On the basis of legendary analogues, specialists in the Old
English poem Beowulf have long inferred that the action of
the main part of that poem is situated at the village of Gammel
Lejre on the island of Zealand, Denmark. Archaeological excavations
undertaken from 1986 to 1988 under the direction of Tom Christensen
of Roskilde Museum yielded spectacular confirmation of that
inference by uncovering the remains of two great halls at Lejre
dating from ca. AD 680 to 990, one built on the site of the other.
At that time, this discovery had little impact upon
Beowulf scholarship, in part because the chief monograph
reporting on the excavations was available only in Danish. In
2004–05, however, a new round of excavations revealed that a
still earlier hall had once stood elsewhere at Lejre. This hall has
been dated to the mid-sixth century, very close to the time when
the action of Beowulf is set. The question of the Danish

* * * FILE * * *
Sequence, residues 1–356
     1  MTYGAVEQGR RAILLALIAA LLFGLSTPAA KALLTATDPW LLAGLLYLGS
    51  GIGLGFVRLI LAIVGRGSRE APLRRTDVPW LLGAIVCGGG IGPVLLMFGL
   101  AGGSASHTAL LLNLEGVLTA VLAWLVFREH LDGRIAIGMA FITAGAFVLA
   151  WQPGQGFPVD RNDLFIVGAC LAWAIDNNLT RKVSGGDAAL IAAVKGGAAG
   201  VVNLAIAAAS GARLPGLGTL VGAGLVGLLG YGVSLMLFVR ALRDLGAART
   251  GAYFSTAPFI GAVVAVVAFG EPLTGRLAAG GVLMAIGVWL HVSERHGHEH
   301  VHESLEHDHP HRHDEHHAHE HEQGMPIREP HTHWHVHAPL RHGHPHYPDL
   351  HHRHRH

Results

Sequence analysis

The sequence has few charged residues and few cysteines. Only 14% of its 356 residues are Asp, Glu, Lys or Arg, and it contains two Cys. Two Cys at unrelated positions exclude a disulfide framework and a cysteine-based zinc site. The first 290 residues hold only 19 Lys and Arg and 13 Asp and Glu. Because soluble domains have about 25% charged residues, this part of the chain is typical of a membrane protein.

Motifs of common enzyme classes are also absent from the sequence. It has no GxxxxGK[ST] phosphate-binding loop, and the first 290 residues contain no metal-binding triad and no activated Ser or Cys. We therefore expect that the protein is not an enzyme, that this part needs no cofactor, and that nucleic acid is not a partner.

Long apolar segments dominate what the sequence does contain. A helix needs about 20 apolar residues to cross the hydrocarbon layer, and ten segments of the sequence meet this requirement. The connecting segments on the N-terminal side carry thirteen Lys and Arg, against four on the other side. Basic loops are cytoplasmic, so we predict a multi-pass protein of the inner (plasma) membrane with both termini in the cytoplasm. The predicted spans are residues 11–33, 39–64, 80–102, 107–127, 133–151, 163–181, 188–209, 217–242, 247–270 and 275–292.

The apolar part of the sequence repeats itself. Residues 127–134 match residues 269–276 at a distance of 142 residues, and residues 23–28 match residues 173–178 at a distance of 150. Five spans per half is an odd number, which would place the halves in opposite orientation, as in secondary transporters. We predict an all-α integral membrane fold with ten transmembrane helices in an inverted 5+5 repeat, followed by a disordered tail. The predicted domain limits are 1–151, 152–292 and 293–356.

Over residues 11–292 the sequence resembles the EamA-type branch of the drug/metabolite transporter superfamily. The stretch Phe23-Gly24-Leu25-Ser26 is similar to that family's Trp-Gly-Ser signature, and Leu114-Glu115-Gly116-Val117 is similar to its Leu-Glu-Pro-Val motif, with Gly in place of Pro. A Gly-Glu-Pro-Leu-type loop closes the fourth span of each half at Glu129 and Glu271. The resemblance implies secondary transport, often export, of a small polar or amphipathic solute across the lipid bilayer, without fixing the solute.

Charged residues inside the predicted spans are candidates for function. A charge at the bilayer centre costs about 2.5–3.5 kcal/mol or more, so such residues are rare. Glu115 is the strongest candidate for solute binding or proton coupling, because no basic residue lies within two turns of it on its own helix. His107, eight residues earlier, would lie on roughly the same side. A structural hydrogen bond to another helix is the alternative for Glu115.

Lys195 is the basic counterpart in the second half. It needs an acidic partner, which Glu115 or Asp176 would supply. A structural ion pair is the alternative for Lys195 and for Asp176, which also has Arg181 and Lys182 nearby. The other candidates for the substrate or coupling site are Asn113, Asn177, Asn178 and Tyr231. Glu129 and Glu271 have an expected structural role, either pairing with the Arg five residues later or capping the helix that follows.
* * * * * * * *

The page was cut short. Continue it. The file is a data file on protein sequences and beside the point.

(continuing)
origins of the Beowulf story is thus now highlighted.
The main purpose of this book is to bring these archaeological
discoveries to the attention of a wider public, with analysis of
their significance. The book consists of five parts:
1. A translation into English of Tom Christensen's 1991 monograph
Lejre—Syn og Sagn (Lejre—Fact and
Fable), together with a new chapter by Christensen on the most
2. A presentation of other important archaeological studies
relating to Lejre, including reports on the Iron Age cremation
mound named Grydehøj, which dates from ca. 630 to 660.
3. Essays by John D. Niles and Marijane Osborn evaluating the
significance of these finds from the perspective of Old English
scholarship, with attention to the complex legendary history of
4. A presentation, in their original texts and in modern English
translation, of the chief medieval Latin and Old Norse documents
that mention Lejre as the seat of power of the early kings of
5. Some impressions of Lejre made by antiquarians, travellers,
poets, and artists who have known that place during the modern
period and have described or evoked it in various ways.
Prospective purchasers within North America should contact MRTS
at Arizona State University.